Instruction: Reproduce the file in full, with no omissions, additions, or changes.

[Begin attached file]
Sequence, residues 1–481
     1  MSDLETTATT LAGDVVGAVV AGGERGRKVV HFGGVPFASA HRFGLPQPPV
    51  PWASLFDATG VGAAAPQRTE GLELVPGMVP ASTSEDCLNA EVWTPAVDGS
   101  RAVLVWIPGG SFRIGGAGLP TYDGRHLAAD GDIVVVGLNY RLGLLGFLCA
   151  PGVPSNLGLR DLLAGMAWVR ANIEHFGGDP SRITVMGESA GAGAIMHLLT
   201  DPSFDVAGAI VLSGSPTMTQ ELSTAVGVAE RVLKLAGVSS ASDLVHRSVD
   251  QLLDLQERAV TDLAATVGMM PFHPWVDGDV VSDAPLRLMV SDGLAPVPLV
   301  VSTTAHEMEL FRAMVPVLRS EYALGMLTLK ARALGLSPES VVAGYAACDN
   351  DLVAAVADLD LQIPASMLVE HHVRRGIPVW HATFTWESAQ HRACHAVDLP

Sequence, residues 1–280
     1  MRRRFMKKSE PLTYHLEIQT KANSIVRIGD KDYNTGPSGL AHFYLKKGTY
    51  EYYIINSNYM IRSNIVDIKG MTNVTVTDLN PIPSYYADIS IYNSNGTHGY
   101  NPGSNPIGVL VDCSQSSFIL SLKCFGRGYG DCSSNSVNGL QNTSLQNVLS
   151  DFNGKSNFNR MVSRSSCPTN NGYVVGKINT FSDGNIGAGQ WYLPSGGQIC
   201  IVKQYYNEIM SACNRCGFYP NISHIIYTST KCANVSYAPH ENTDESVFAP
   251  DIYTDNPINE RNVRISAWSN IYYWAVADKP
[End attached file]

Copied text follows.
Sequence, residues 1–481
     1  MSDLETTATT LAGDVVGAVV AGGERGRKVV HFGGVPFASA HRFGLPQPPV
    51  PWASLFDATG VGAAAPQRTE GLELVPGMVP ASTSEDCLNA EVWTPAVDGS
   101  RAVLVWIPGG SFRIGGAGLP TYDGRHLAAD GDIVVVGLNY RLGLLGFLCA
   151  PGVPSNLGLR DLLAGMAWVR ANIEHFGGDP SRITVMGESA GAGAIMHLLT
   201  DPSFDVAGAI VLSGSPTMTQ ELSTAVGVAE RVLKLAGVSS ASDLVHRSVD
   251  QLLDLQERAV TDLAATVGMM PFHPWVDGDV VSDAPLRLMV SDGLAPVPLV
   301  VSTTAHEMEL FRAMVPVLRS EYALGMLTLK ARALGLSPES VVAGYAACDN
   351  DLVAAVADLD LQIPASMLVE HHVRRGIPVW HATFTWESAQ HRACHAVDLP

Sequence, residues 1–280
     1  MRRRFMKKSE PLTYHLEIQT KANSIVRIGD KDYNTGPSGL AHFYLKKGTY
    51  EYYIINSNYM IRSNIVDIKG MTNVTVTDLN PIPSYYADIS IYNSNGTHGY
   101  NPGSNPIGVL VDCSQSSFIL SLKCFGRGYG DCSSNSVNGL QNTSLQNVLS
   151  DFNGKSNFNR MVSRSSCPTN NGYVVGKINT FSDGNIGAGQ WYLPSGGQIC
   201  IVKQYYNEIM SACNRCGFYP NISHIIYTST KCANVSYAPH ENTDESVFAP
   251  DIYTDNPINE RNVRISAWSN IYYWAVADKP